A Guide to Scuba Diving in Flores and Alor
Village kids love to mug for photographers.
Exploring Indonesia underwater can take a lifetime, and then some. There are more than 17,000 islands, and more marine species than anywhere else on the planet. One infrequently visited yet noteworthy region is the chain of rocks, islets and islands arcing east from Flores to Alor, a small but spectacular sliver of East Nusa Tenggara province.
Liveaboard expeditions offer surf-and-turf itineraries mixing uncrowded dive sites supporting prolific marine life, volcano-inspired topside eye candy, and fascinating local culture that will transport you back in time. Expect a Swiss Army knife of diving profiles: classic walls festooned with sea fans, sponges, soft corals and crinoids; current-swept ridges topped in hard corals, swarming with schooling fishes; dramatic pinnacles challenging your skills; and sand slopes crawling with weird and wonderful critters for your muck-diving fix.
Bonus surface-interval activities include snorkeling with playful Indonesian kids wearing homemade wooden goggles, along with cetacean-watching for Fraser’s and spinner dolphins, sperm whales and mighty blue whales. The archipelago’s fortuitous location at the interface of the Pacific and Indian oceans results in stunning biodiversity, showcasing everything from pygmy seahorses to the aforementioned leviathans.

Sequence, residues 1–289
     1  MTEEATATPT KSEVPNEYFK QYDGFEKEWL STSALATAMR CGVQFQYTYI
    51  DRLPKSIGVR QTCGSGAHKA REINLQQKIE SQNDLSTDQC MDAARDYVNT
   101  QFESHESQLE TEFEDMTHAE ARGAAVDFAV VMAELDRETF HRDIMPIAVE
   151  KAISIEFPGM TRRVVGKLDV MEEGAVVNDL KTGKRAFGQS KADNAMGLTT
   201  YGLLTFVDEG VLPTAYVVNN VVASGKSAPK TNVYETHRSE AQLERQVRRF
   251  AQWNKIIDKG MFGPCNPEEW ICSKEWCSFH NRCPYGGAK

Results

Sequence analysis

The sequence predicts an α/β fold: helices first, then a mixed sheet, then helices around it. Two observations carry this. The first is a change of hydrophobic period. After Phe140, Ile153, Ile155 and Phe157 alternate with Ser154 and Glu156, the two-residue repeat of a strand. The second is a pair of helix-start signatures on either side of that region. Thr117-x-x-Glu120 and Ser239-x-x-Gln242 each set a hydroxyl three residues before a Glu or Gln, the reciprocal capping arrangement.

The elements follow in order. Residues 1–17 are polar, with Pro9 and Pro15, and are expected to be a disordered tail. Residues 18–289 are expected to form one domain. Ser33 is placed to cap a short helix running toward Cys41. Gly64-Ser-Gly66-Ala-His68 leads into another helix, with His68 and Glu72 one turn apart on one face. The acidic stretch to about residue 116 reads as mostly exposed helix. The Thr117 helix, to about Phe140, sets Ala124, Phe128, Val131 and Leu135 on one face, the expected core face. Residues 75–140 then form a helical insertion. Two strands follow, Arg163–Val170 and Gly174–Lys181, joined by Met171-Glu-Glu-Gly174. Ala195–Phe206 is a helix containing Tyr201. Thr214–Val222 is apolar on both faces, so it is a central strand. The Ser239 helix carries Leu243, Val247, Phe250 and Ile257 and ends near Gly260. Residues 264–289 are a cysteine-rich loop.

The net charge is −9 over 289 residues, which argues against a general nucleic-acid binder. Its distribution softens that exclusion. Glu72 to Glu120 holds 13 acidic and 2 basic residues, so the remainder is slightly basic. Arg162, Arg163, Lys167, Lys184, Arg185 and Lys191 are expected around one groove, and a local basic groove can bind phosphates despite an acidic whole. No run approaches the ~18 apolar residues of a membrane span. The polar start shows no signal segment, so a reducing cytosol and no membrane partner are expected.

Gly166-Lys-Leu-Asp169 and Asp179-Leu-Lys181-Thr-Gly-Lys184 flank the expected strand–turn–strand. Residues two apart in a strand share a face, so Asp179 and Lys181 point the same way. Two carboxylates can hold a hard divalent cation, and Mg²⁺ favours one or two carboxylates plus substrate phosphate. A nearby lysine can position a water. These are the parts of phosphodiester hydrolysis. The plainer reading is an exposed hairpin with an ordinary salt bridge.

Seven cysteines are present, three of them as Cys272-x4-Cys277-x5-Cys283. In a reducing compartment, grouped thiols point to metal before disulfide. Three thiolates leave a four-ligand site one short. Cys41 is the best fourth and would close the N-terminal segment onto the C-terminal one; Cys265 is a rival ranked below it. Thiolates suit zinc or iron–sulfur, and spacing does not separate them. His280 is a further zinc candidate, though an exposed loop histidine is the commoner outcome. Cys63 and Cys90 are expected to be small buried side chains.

Swift-flowing, deepwater Alor and Pantar straits connect northern and southern waters, acting as corridors through which marine mammals and big fish such as tuna migrate. Larval fish and invertebrates are also whisked through, cross-pollinating the Flores and Banda seas with the Savu Sea. Reefs all around benefit when these future generations settle and grow, fueled by the nutrient-rich upwellings characterizing the region.
Scuba Diving Conditions
75 to 85ºF
50 to 120 feet, less during plankton blooms along the archipelago’s southern side, where strong current and surge might also be present at some sites
Year-round diving, with dry season May through November and rainy season December through April
Signature Diving Sites in Flores and Alor
Watu Balu, Rusa Island
A whirlwind of a submersion for experienced divers, showcasing an eye-popping palette of soft corals and anthias. Tuna, marauding jacks and other pelagic hunters often visit. The terraced garden of table corals also impresses. Formidable current and surge are possible here.
Beangabang, Pantar Island
Muck divers rejoice on this black-sand slope where keen eyes and patience are rewarded with sightings of all manner of macro marvels: numerous octopus species, nudibranchs, ghost pipefish, Rhinopias, and hellfire anemones with harlequin crabs and seahorses, and much more.
Anemone City, Pura Island
Nemo reigns supreme on this sloping reef between Pantar and Alor, where thousands of Clark’s anemonefish frolic in thousands of anemones as far as the eye can see.